Many companies are dropping their promise of health benefits for future retirees, who now might have to stay on the job longer and rely on government healthcare in their old age.
Eight percent of employers with at least 1,000 workers said they had eliminated subsidized retiree health benefits for some workers this year, and 11% more said they probably would do so next year, according to a study released Tuesday by the benefits consulting firm Hewitt Associates and the not-for-profit Kaiser Family Foundation.
Most of those affected were newly hired, but some companies said the change applied to workers who had been on the payroll longer.
The number of companies that offer health coverage to retirees has been on the decline for 15 years. But among those that continue to subsidize retiree coverage, the move to treat current and former workers differently reflects a desire to leave health benefits in place for those who have already retired despite several consecutive years of double-digit increases in health care costs.
Since 2000, more than 100 large employers have chosen this path. Some have cut out subsidies but have told employees they can continue coverage under company health plans after they retire, a much cheaper option than seeking health insurance elsewhere.
"Retiree healthcare coverage is kind of a slowly vanishing species," Kaiser President Drew Altman said.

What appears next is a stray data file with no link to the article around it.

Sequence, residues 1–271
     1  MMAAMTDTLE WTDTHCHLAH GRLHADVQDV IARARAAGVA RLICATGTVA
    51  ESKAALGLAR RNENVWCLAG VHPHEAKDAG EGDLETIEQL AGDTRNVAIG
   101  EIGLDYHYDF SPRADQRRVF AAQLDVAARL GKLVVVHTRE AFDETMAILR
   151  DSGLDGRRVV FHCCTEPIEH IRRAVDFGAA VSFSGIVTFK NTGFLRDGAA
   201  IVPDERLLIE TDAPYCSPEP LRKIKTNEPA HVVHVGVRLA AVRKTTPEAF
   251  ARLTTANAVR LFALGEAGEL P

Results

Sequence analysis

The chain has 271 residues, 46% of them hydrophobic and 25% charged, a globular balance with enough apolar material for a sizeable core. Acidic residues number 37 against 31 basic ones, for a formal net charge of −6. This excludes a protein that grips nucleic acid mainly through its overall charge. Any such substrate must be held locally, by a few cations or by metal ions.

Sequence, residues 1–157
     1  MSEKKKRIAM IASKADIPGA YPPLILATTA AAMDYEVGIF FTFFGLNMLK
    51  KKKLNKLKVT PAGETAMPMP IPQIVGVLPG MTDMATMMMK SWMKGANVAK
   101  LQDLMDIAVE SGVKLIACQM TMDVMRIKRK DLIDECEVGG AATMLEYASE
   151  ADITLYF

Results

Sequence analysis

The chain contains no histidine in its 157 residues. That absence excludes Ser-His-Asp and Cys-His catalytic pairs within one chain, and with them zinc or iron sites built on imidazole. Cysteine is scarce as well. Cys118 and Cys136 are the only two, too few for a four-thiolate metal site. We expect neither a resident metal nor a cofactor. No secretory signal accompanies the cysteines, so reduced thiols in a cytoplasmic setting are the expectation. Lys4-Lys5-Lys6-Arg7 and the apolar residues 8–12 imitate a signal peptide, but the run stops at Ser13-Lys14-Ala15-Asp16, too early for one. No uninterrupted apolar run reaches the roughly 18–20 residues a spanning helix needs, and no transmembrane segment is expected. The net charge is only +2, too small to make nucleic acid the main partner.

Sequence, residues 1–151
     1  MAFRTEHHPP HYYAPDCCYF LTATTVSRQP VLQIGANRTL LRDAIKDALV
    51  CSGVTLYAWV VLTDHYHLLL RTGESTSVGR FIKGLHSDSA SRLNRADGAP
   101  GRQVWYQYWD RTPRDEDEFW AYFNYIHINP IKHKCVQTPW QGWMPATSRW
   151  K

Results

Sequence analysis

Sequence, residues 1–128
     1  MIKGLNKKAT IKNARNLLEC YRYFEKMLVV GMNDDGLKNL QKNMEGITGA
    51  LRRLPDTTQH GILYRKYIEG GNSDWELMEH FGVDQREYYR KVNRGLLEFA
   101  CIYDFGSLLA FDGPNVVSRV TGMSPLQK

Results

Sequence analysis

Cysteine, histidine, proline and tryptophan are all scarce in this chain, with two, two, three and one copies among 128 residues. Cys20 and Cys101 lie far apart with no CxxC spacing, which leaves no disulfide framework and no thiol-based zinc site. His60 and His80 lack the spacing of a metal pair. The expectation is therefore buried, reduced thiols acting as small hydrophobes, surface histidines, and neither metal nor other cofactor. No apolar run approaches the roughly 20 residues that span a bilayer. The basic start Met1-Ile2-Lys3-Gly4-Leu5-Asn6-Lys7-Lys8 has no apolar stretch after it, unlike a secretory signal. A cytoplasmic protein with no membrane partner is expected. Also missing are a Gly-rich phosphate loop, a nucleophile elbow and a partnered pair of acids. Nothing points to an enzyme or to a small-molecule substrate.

The prospect of losing health coverage in retirement is troubling particularly to people who are considering changing jobs or who want to retire between the ages of 55 and 64. Younger retirees can find it difficult to afford health insurance when they can't get it from their employers.
Medicare, the government health program for older and disabled Americans, kicks in at age 65. Its benefits typically have been less generous than those offered by employers, mainly because the workplace plans cover prescription drugs. Medicare's drug insurance program begins in 2006.
The employer plans, however, are asking retirees to pay more of their health costs through higher insurance premiums and larger copayments for doctor visits and prescription medicines.
People who retire in 2004 face premiums about 25% higher than those who retired last year, according to the survey of 333 companies, which was conducted between May and September.
Most large employers said they will maintain prescription drug benefits for retirees after the Medicare drug program begins in 2006, the study said.
The fate of retirees with employer-sponsored drug benefits was a major consideration of the authors of last year's Medicare prescription drug law. To keep more employers from dropping coverage, the law includes up to $88 billion over 10 years in tax-free subsidies to companies that offer prescription benefits that are at least the equal of Medicare's.
In 1991, 80% of firms employing 1,000 or more workers offered health coverage to retirees. By 2003, the number had fallen to 57%, Hewitt said. When looking at companies with at least 200 employees, the number is 38%, Kaiser said.
Roughly 15 million retirees receive healthcare coverage from former employers. About 3 million are 55 to 64. The rest are eligible for Medicare, Altman said.
The new survey, conducted before issuance of final Medicare regulations about the drug benefit, found that just 8% of employers said they would drop retirees' drug benefits in the program's first year.
Frank McArdle, manager of Hewitt's research office in Washington, said the early response from employers is good news. But he cautioned that decisions about 2007 and beyond would depend on the regulations, the design of Medicare drug plans devised by private insurers and by costs.